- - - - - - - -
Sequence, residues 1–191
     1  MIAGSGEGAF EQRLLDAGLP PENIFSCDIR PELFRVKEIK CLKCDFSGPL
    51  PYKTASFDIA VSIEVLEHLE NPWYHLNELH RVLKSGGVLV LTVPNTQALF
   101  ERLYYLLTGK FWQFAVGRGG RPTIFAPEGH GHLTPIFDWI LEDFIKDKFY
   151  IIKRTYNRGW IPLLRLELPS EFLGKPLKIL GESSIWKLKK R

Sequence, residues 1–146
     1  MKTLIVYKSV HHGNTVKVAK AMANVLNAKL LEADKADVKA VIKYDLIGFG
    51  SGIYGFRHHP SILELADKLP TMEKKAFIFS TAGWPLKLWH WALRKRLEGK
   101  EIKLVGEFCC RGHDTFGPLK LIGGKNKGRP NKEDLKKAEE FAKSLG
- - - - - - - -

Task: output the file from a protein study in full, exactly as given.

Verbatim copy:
Sequence, residues 1–191
     1  MIAGSGEGAF EQRLLDAGLP PENIFSCDIR PELFRVKEIK CLKCDFSGPL
    51  PYKTASFDIA VSIEVLEHLE NPWYHLNELH RVLKSGGVLV LTVPNTQALF
   101  ERLYYLLTGK FWQFAVGRGG RPTIFAPEGH GHLTPIFDWI LEDFIKDKFY
   151  IIKRTYNRGW IPLLRLELPS EFLGKPLKIL GESSIWKLKK R

Sequence, residues 1–146
     1  MKTLIVYKSV HHGNTVKVAK AMANVLNAKL LEADKADVKA VIKYDLIGFG
    51  SGIYGFRHHP SILELADKLP TMEKKAFIFS TAGWPLKLWH WALRKRLEGK
   101  EIKLVGEFCC RGHDTFGPLK LIGGKNKGRP NKEDLKKAEE FAKSLG